The first three months of 2018 brought merger and acquisition activity to a level not seen since 2001 in healthcare — $890.7 billion in deals, to be precise. M&A in this space is showing no signs of slowing.
As hospitals explore mergers, acquisitions or new partnerships to improve their finances and enhance quality of care, IT is one of the top drivers supporting success. When considering a merger, hospital leaders in charge of IT should be at involved in the strategic planning process from the get-go, according to Andy Nieto, health solution manager at Lenovo Health.
Mr. Nieto said technology, like Lenovo's, offers innovative ways to cut costs and drive efficiencies to keep up with the new M&A reality and ensure the delivery of optimum patient care. Throughout the process of a merger or acquisition, hospitals must have strong post-merger IT strategies that support value delivery on all levels, he added.
Mr. Nieto caught up with Becker's Hospital Review to share his thoughts on hospital IT considerations as organizations face new partners or newly expanded competitors.
Editor's note: Responses have been lightly edited for clarity and brevity.
Question: How are mergers, acquisitions and partnerships affecting hospital IT departments?
Andy Nieto: Data integrity and data access control are areas of concern when the M&A activities cross technology platforms. For example, a hospital on Cerner merges with a hospital on Epic. You have a complete mismatch of the data elements and are forced to leverage budget money to ensure the systems are interoperable. You also have operational behaviors in the IT departments that are driven around workflows that are not always consistent from facility to facility. Thus, there can be a lot of re-learning and a lot of misalignment of resources. It takes a really well-guided CIO to say, 'This is how we will level the playing field.'
There are two approaches that we are seeing in the industry. The first approach is to maintain disparate systems and merge where possible. I equate that to peeling the Band-Aid as slowly as possible until you finally achieve the desired merging of systems. This approach tends to be very ineffective. A more effective approach is to adopt a line of thinking such as: 'We have selected 'System A' as the go-forward platform. Here is the migration plan and we are going to move forward by replacing 'System B'.
Q: What should CIOs consider when their hospital forges a new partnership or is acquired by another organization?
AN: CIOs need to begin with understanding the workflows that are most common in their hospitals, the data elements necessary to support those workflows, as well as end-user satisfaction throughout the process of adopting new technologies. Moving to an EHR for cost reasons without evaluating the long term impact on staff retention, clinician satisfaction and patient satisfaction can be a recipe for disaster. An example might be a hospital that determines, during a merger, they are going to go with the cheapest IT system. Down the road, they find out that not only do their physicians hate it, but they have to hire twice as many nurses because it is taking longer on the floor to perform certain tasks. Or, the EHR they selected doesn't interoperate with the population health solution that the hospital uses. As you can see, it’s important for CIOs to understand the data, the users and the workflows.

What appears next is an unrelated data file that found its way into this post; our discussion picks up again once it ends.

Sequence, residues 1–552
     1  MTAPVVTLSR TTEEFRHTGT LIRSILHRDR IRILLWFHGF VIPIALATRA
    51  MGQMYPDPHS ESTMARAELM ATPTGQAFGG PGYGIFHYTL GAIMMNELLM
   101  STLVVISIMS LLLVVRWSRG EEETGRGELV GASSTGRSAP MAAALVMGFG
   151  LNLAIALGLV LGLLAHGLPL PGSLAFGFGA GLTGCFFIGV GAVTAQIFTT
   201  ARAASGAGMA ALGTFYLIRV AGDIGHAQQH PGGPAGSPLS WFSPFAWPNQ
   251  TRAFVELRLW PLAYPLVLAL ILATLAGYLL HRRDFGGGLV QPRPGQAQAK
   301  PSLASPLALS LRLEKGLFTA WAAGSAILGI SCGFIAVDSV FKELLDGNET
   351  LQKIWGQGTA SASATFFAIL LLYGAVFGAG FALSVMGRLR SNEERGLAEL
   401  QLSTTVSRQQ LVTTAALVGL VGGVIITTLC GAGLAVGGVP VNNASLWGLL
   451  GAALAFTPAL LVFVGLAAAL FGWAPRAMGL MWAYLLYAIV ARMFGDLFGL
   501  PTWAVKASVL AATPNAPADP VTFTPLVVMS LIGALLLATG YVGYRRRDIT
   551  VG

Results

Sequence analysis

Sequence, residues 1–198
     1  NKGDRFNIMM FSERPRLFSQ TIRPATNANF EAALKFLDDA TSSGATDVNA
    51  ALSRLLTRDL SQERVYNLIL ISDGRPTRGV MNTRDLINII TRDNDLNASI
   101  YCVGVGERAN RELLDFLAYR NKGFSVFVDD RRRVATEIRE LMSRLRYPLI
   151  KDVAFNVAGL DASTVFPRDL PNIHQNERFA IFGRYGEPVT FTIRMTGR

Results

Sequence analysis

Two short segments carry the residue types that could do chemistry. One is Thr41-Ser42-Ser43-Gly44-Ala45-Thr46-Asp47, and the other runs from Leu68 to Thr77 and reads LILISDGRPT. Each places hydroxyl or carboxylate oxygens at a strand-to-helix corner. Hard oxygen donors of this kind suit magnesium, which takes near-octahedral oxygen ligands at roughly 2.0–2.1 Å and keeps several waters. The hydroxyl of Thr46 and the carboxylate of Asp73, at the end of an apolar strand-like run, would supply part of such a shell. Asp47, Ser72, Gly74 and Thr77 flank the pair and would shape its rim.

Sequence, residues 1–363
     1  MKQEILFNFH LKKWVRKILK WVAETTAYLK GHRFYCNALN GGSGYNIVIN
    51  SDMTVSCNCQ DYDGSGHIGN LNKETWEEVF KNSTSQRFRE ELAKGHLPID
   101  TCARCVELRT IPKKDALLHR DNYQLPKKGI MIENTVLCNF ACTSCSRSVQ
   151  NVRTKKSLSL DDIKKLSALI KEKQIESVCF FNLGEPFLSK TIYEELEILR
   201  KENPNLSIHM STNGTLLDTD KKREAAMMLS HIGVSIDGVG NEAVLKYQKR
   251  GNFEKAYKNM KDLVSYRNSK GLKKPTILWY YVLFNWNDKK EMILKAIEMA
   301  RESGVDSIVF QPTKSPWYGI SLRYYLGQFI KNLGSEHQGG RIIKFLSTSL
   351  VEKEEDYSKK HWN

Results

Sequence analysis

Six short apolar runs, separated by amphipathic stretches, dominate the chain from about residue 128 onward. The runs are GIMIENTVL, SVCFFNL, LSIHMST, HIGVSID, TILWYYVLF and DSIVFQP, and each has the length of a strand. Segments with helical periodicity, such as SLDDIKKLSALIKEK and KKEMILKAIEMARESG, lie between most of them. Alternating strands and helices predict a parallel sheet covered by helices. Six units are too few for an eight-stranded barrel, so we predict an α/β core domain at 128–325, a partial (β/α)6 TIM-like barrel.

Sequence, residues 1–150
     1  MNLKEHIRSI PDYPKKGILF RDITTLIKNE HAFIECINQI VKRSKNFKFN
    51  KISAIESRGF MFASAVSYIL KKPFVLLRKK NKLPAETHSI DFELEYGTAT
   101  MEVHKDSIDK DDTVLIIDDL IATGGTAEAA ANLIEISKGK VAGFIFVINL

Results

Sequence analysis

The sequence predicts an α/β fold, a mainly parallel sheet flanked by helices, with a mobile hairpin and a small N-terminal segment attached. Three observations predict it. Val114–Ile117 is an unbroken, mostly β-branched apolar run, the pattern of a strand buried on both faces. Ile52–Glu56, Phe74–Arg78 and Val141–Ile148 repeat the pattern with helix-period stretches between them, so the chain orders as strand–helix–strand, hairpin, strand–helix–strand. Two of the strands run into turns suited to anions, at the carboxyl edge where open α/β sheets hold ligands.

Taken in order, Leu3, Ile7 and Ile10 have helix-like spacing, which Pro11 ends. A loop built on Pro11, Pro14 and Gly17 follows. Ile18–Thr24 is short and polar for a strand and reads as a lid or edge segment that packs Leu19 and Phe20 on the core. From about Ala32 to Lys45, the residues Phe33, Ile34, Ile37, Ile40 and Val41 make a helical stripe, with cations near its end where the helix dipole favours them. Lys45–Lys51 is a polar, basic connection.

Q: How do you recommend newly merged organizations address their EHR strategy?
AN: Following a merger or acquisition, the ability for clinicians to access patient data is 'Job One.' CIOs and the IT teams need to devise and lead a strategic EHR integration plan that considers how clinicians or others can access the data to deliver optimum and efficient care that improves patient outcomes. And, as care moves beyond the traditional walls of the hospital to areas such as telehealth or home care, it’s critical that clinicians have the optimum IT devices to access patient data anywhere care is delivered.
Q: What should CIOs look for in a strategic partner?
AN: In my opinion, good strategic partnerships start with a shared vision for improving care delivery. IT vendors can bring tremendous innovation to the table and often position themselves to hospitals such as: 'We are a good strategic partner for your healthcare organization because we'll have the IT tools you need to treat patients both effectively and efficiently.' When exploring a merger or partnership, hospitals like to say: 'We are a good strategic partner because our goal is to deliver the best care to our community, region or population.' The best approach for health organizations considering a partnership is for all parties to sit down and ask, 'What are our respective long-term initiatives, and how can we best support these shared long-term initiatives?' It isn't about either organization being better, it’s an approach built on the strategy that the new organization will deliver extended value to those patients it serves.
Q: How can IT leaders go about gaining physician buy-in for new initiatives?
AN: When we look at how we can support healthcare from a technology perspective, we have to start with technologies that either have multiple uses or can be used in multiple environments. As hospitals consider new IT initiatives, they need to include clinicians as well as other hospital professionals in the decision making process. This is a significant driver of success. Hospitals and clinicians should also be open to working closely with the IT innovators developing new solutions. They can support the R&D process by sharing insight in areas such as workflows or what the clinical and operational needs of the healthcare organization are so technologists can build and enhance IT solutions that deliver the expected outcomes.
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